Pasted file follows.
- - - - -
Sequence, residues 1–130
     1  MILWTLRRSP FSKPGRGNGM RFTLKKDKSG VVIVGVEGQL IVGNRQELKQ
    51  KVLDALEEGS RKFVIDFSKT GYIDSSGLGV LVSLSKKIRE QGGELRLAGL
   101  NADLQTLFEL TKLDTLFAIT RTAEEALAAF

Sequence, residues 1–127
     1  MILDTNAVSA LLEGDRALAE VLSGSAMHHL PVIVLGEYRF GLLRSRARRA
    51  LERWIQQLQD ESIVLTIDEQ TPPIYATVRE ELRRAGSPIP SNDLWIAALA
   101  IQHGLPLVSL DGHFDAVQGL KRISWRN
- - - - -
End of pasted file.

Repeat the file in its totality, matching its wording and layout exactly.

Sequence, residues 1–130
     1  MILWTLRRSP FSKPGRGNGM RFTLKKDKSG VVIVGVEGQL IVGNRQELKQ
    51  KVLDALEEGS RKFVIDFSKT GYIDSSGLGV LVSLSKKIRE QGGELRLAGL
   101  NADLQTLFEL TKLDTLFAIT RTAEEALAAF

Sequence, residues 1–127
     1  MILDTNAVSA LLEGDRALAE VLSGSAMHHL PVIVLGEYRF GLLRSRARRA
    51  LERWIQQLQD ESIVLTIDEQ TPPIYATVRE ELRRAGSPIP SNDLWIAALA
   101  IQHGLPLVSL DGHFDAVQGL KRISWRN